0.697

Age (years)

  

0.995 (0.973-1.018)

0.680

Marital status

    

 single

    

 married

  

0.853 (0.519-14.03)

0.531

 divorced or widowed

  

0.871 (0.408-1.860)

0.722

Any eating disorder

    

BMI

1.015 (0.988-1.042)

0.280

1.008 (0.980-1.038)

0.573

Female

  

3.728 (1.734-8.016)

0.001

Age (years)

  

0.973 (0.940-1.007)

0.114

Marital status

    

 single

    

 married

  

0.608 (0.0293-1.264)

0.183

 divorced or widowed

  

1.152 (0.434-3.055)

0.776

Sleep disorders

    

BMI

1.055 (1.011-1.100)

0.013

1.084(1.032-1.140)

0.001

Female

  

0.629 (0.247-1.599)

0.330

Age (years)

  

1.013 (0.957-1.072)

0.658

Marital status

    

 single

    

 married

  

4.653 (1.299-16.670)

0.018

 divorced or widowed

  

1,676 (0.168-16.68)

0.659

Any psychiatric disorder

    

BMI

1.003 (0.988-1.019)

0.6761.004

(0.987-10.02)

1.004

Female

1.779

 

(1.292-2.448)

<0.001

Age (years)

  

0.982 (0.965-1.000)

0.050

Marital status

    

 single

    

 married

  

1.209 (0.818-1.788)

0.340

 divorced or widowed

  

2.152 (1.186-3.906)

0.012

*OR, odds ratio; CI, confidence interval.

Note. Educational level was also adjusted but not shown here. None of each educational level was predictive of the presence of psychiatric disorders.

Discussion

This is, to our knowledge, the first paper in Asia to explore the prevalence of psychiatric disorders in Asian patients who seek obesity treatment. We retrospectively reviewed 841 patients who received different obesity treatments, including non-surgical procedures and bariatric surgery. The patients underwent a standardized clinical evaluation using two questionnaires, and psychiatric referral when needed. Clinical evaluation revealed that 42% of patients had at least one psychiatric disorder. Mood disorders and anxiety disorders were the most prevalent.

Kalarchian et al. [11] evaluated 288 bariatric surgery candidates. They found high prevalence rates of lifetime psychiatric disorders (66.3%) in these patients, even before surgery; 37.8% of patients had at least one psychiatric disorder. Rosenburger et al. [24] in the US and Muhlhans et al. [12] in Germany also found that patients had a high prevalence of psychiatric disorders before bariatric surgery (36.8%, and 72.6%, respectively). Our prevalence of any psychiatric disorder (54.1%) in the surgical group was lower than that of Kalarchian and Muhlhans, but higher than that of Rosenberger. Of all our patients receiving surgical or non-surgical treatment, the prevalence of any psychiatric disorder was 42%. This is not so different from the findings among Caucasians. We also found that mood disorders and anxiety disorders were the most prevalent classes of disorders, similar to the other studies. Eating disorders were the third most prevalent. We had a low frequency of substance abuse disorders (0.6%), and some patients had adjustment disorder and sleep disorders, which were not mentioned in the other three studies.

The differences in findings between our study and the other studies may be due to race, social factors and different study designs. The evaluation tool in the above three studies in the US and Germany was the structured interview, performed by well-trained psychologists. In our study, all psychiatric diagnoses were confirmed by board-certified psychiatrists. Our psychiatric evaluation is a part of the standardized pre-treatment evaluation process. However, patients might be worried about disclosing psychiatric problems if they thought it would affect their treatment, which may have lowered the prevalence of psychiatric disorders, as Muhlhans et al. [12] mentioned.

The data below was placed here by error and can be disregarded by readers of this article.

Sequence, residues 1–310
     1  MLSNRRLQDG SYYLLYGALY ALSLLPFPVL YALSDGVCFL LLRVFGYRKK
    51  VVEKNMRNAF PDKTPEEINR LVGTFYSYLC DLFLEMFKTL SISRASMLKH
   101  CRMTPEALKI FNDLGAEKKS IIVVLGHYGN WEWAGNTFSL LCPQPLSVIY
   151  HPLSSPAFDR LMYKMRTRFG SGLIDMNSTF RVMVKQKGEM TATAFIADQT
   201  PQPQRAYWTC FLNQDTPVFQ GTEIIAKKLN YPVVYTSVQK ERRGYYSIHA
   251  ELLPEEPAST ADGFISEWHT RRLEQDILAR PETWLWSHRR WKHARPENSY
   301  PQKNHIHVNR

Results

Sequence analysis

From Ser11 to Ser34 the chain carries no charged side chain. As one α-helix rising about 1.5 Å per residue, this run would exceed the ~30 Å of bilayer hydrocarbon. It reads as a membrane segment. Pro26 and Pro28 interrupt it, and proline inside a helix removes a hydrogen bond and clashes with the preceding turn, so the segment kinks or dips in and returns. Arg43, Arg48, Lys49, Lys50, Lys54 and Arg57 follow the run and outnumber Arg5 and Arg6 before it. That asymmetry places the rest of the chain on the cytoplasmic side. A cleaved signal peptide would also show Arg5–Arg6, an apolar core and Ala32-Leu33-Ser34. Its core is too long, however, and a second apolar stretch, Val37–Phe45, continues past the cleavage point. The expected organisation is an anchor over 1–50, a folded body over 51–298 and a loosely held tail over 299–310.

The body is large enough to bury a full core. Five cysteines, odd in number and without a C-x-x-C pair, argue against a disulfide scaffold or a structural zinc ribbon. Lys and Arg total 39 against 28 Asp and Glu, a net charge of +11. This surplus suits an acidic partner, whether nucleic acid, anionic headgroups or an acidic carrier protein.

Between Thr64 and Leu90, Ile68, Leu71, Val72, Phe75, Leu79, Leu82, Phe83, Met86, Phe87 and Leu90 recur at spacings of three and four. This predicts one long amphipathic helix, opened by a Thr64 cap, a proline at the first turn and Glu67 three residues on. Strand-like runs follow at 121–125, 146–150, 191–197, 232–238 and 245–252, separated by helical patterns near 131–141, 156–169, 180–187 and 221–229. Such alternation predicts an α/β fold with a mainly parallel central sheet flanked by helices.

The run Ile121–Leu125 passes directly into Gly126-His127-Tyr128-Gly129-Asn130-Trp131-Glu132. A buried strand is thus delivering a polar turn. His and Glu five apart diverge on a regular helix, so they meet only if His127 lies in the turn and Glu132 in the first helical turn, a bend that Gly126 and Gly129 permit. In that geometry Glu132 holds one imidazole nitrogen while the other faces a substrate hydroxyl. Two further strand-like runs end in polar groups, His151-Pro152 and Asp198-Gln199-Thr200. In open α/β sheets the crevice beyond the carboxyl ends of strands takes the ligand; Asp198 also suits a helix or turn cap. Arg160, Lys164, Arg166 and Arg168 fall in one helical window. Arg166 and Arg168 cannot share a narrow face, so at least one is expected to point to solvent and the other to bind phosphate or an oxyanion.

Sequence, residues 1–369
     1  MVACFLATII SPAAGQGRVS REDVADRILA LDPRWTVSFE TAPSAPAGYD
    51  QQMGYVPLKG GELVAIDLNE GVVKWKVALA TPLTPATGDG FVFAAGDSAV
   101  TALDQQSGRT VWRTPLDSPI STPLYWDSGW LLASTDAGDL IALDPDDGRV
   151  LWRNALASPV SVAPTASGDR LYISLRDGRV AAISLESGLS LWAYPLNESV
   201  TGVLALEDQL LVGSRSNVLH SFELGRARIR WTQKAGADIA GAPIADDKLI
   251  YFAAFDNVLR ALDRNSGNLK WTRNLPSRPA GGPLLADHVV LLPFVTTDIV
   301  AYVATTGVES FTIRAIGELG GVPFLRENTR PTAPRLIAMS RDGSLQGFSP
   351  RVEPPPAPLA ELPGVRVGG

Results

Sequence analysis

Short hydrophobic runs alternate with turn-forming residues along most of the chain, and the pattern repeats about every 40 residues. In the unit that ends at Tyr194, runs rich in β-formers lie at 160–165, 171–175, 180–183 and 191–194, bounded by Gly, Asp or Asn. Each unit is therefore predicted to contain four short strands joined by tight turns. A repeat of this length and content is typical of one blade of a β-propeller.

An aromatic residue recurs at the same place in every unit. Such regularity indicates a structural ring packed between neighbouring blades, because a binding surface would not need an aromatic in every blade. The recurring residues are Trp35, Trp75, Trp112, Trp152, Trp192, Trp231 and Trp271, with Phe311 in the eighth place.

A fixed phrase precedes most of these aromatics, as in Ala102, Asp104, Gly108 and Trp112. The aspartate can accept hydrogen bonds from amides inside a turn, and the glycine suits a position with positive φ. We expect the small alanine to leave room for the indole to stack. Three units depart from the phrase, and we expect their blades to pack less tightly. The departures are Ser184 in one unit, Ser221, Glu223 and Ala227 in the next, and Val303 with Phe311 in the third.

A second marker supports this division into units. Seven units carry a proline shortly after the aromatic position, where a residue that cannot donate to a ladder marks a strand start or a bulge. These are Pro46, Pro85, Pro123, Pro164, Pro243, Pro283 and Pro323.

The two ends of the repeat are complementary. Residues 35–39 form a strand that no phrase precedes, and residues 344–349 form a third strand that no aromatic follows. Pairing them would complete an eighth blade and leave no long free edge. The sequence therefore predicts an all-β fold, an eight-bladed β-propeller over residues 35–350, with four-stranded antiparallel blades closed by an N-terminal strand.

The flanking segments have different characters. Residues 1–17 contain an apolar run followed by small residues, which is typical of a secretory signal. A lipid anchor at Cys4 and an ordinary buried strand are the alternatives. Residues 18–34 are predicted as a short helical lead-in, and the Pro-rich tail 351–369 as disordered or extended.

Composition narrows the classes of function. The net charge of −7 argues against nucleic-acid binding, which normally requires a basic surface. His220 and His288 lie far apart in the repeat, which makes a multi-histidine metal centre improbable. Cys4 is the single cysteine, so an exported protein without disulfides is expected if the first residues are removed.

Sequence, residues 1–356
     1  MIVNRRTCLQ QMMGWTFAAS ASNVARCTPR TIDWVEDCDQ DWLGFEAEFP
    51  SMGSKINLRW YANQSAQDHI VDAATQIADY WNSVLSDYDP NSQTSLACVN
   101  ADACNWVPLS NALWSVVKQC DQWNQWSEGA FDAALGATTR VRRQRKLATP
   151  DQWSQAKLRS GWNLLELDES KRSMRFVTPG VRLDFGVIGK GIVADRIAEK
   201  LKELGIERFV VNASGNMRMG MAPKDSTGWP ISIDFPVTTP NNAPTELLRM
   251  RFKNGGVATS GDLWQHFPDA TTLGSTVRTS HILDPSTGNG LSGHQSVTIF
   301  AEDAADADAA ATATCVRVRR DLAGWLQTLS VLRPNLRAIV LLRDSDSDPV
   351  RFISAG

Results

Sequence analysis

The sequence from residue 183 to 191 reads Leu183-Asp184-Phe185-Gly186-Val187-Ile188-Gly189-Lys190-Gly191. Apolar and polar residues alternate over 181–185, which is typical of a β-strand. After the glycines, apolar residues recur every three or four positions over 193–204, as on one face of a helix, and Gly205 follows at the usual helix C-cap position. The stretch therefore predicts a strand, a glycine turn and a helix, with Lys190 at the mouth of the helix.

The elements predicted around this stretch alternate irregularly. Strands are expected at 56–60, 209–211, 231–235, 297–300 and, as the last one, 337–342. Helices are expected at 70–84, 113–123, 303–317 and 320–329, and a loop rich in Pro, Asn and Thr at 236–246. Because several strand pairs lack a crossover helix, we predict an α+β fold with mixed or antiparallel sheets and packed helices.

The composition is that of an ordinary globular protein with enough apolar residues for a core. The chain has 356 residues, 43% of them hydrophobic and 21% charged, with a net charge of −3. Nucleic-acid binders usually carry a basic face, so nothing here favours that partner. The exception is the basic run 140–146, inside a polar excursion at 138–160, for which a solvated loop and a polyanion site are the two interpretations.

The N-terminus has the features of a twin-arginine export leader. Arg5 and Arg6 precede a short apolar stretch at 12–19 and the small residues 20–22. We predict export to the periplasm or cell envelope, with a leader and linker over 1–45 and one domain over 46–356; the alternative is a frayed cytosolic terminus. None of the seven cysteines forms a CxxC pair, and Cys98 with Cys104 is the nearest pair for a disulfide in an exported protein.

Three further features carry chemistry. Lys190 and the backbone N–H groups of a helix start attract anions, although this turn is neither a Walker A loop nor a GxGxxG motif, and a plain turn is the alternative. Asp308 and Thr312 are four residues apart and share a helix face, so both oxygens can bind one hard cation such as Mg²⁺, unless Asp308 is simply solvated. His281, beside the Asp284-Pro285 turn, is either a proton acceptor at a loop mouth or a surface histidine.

In our study, about 70% of patients were female. Females had a higher prevalence of mood disorders and eating disorders than males, but the males had more sleep disorders. There was no difference in anxiety disorder between the men and women. Similar outcomes were noted in our logistic regression models in Table 4. A previous community-based study, an international study in 13 areas worldwide involving 62,277 cases from the World Mental Health Survey [25], found that obesity increased the odds ratio of depression and anxiety, especially in females. The possible mechanism may be that women have more psychological stress from the stigma of obesity, greater dissatisfaction with their body image, and more eating problems [26].

Our finding is similar to that of Muhlhans’ study [12], in which women had more prevalent psychiatric disorders than men, but inconsistent with that of Kalarchian’s study. In Asia, the criteria for obesity are lower than in Europe and the US, which means that people are generally thinner in Asia. No matter whether physical or socio-cultural factors are involved, women in Asia whose BMI is the same as that of men may have more psychological stress when dealing with obesity. In our study, patients in the surgical group were younger and had higher BMI than those in the non-surgical group. Eating disorders, especially binge eating disorder, is prevalent in bariatric surgery patients [11] and has affected the outcome of weight loss after surgery [27, 28]. Postoperative binge eating disorder can predict a poor surgical outcome. However, in our study, there were no differences between the two groups in terms of the prevalence of the other two important psychiatric disorders: mood and anxiety disorders. These two disorders may be affected by many different and complex psychosocial factors, not only BMI. Patients in the surgical group had a higher prevalence of several specific psychiatric disorders (adjustment disorder, binge eating disorder, and sleep disorders) than their non-surgical counterparts, but overall, psychiatric disorders were prevalent in both groups. This implies that people who seek obesity treatment, no matter the treatment they receive, suffer from similar psychopathological processes, with some exceptions.